LINGUIST List 3.502

Tue 16 Jun 1992

Disc: Predicates, Comparatives

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  1. Rick Wojcik, Re: 3.493 Predication
  2. Allan C. Wechsler, 3.478 Comparatives

Message 1: Re: 3.493 Predication

Date: Mon, 15 Jun 92 08:44:32 PDRe: 3.493 Predication
From: Rick Wojcik <>
Subject: Re: 3.493 Predication

David Pesetsky responds to Ronnie Wilbur's query about Russian:
> One datum that might become an argument for an empty verb is that
> Russian, like Black English as described by Labov, does not allow the
> empty verb before a movement site. My Russian is becoming somewhat
> rusty but I think relevant examples are things like the following:
> 	*Masha -- xoroshij lingvist, kakov Misha tozhe.
> 	Masha good linguist, which Misha also
> 	Masha -- xoroshij lingvist, kakovym Misha tozhe byl.
> 				 which Misha also was

I'm not sure about the above sentences, since the first calls out for a present
tense marker "est'". But my Russian isn't good enough to tell me that you can
tack "est'" on the end and come out with a grammatical sentence.

The Russian copula is only 'missing' in the present tense, and then not always.
The form "est'" appears under certain semantic conditions--e.g. to help out
with the fact that Russian lacks determiners:

	U kogo -- karandash? "Who has a pencil?"
	U kogo est' karandash? "Who has the pencil?"

The syntactic status of the copula is very tricky, since the predicate NP or
AP really serves as the main verb semantically. The problem is that, when a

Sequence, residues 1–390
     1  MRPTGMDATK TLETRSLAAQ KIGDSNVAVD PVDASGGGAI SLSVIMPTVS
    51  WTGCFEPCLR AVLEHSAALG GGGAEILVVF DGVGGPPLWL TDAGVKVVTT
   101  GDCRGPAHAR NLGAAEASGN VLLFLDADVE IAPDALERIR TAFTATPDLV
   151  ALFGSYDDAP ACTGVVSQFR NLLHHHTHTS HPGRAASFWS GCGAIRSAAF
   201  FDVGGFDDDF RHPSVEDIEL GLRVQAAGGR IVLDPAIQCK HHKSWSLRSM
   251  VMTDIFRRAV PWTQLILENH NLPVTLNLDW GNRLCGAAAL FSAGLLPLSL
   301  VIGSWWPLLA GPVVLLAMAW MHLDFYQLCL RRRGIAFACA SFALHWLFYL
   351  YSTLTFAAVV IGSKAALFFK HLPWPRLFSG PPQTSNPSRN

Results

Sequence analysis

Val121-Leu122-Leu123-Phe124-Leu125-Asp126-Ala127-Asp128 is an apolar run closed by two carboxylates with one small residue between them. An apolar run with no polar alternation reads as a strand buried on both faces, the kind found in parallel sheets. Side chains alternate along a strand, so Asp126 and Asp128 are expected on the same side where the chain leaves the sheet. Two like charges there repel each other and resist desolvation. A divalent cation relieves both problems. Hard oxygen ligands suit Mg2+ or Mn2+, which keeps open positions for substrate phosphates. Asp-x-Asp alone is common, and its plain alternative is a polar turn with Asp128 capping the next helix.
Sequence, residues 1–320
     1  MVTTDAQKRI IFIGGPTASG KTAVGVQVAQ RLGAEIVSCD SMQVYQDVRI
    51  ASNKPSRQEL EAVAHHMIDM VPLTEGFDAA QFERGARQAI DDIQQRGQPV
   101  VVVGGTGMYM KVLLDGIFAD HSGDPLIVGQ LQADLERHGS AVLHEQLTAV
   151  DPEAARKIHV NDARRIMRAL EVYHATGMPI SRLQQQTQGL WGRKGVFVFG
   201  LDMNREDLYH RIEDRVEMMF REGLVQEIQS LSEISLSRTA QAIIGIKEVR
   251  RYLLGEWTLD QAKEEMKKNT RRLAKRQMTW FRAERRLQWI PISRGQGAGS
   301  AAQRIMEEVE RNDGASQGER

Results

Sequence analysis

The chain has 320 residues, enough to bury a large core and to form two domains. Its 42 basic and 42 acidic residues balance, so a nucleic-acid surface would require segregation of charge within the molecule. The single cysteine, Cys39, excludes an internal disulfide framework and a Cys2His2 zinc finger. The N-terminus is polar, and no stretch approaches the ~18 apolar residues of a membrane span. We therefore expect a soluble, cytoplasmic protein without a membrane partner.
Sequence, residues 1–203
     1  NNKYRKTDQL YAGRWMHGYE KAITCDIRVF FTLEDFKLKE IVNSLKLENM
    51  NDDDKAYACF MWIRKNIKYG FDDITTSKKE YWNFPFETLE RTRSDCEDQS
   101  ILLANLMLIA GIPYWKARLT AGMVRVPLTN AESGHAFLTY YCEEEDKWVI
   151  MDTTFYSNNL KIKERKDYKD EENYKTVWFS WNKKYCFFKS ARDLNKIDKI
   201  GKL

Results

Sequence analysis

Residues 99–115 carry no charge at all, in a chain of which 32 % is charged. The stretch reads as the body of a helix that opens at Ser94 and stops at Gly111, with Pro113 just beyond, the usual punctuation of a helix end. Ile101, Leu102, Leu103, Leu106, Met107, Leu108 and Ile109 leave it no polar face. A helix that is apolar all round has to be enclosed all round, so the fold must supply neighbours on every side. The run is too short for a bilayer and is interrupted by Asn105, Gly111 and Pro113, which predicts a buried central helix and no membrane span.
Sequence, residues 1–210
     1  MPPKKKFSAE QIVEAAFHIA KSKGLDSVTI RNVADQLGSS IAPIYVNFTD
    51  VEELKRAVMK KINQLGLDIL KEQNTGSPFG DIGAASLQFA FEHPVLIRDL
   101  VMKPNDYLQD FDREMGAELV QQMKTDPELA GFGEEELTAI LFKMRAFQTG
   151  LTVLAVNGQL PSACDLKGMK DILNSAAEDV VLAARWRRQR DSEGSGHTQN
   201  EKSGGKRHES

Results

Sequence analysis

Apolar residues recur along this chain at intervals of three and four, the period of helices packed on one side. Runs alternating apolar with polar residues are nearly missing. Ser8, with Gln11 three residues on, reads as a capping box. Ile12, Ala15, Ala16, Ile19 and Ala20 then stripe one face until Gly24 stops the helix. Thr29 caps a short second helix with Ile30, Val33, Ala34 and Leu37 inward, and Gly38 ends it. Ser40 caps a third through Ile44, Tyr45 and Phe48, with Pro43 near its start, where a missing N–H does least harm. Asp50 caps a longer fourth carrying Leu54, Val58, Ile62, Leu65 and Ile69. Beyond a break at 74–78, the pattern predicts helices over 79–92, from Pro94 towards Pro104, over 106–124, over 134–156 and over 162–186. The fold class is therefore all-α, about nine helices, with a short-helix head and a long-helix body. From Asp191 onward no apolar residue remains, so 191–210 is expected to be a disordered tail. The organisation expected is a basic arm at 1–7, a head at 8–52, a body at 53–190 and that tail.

language distinguishes syntactically between auxiliaries and main verbs, the
copula never has properties that are unique to main verbs. For example, in
English, it behaves like an auxiliary with respect to negation, auxiliary do,
subject-aux inversion, etc. I have never heard of a language in which the
copula did not behave like an auxiliary verb, when given a chance. So I would
argue that we are not really talking about "verbless" sentences in languages
with null copulas, but sentences in which the syntactic verb slot is filled
by an adjective or noun phrase and the "empty" slot is that of an auxiliary

The proposal that predicate APs and NPs fall into syntactic verb slots
may sound a little unusual, but I'm prepared to defend it with data from
Breton. In that language, main verbs and predicate AP/NPs undergo parallel
movement rules, which is pretty convincing evidence that they belong to the
same syntactic species.
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Message 2: 3.478 Comparatives

Date: Thu, 11 Jun 1992 13:54-0403.478 Comparatives
From: Allan C. Wechsler <ACWRIVERSIDE.SCRC.Symbolics.COM>
Subject: 3.478 Comparatives

I recently encountered the following lovely sentence, which I share
without further comment:

(1) I think this is rarer than Allan does.
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